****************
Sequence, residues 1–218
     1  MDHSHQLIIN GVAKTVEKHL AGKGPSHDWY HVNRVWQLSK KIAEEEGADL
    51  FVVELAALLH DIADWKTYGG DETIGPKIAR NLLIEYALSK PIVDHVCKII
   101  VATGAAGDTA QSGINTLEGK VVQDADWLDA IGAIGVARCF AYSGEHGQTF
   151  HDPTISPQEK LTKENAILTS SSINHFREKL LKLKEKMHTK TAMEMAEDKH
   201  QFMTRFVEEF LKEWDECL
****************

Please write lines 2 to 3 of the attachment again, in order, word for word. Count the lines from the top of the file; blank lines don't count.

     1  MDHSHQLIIN GVAKTVEKHL AGKGPSHDWY HVNRVWQLSK KIAEEEGADL
    51  FVVELAALLH DIADWKTYGG DETIGPKIAR NLLIEYALSK PIVDHVCKII